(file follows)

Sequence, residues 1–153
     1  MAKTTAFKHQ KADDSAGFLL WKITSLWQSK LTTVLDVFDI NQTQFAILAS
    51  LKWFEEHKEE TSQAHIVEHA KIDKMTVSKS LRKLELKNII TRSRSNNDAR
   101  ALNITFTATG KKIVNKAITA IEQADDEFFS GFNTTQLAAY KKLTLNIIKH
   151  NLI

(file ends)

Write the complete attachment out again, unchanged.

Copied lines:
Sequence, residues 1–153
     1  MAKTTAFKHQ KADDSAGFLL WKITSLWQSK LTTVLDVFDI NQTQFAILAS
    51  LKWFEEHKEE TSQAHIVEHA KIDKMTVSKS LRKLELKNII TRSRSNNDAR
   101  ALNITFTATG KKIVNKAITA IEQADDEFFS GFNTTQLAAY KKLTLNIIKH
   151  NLI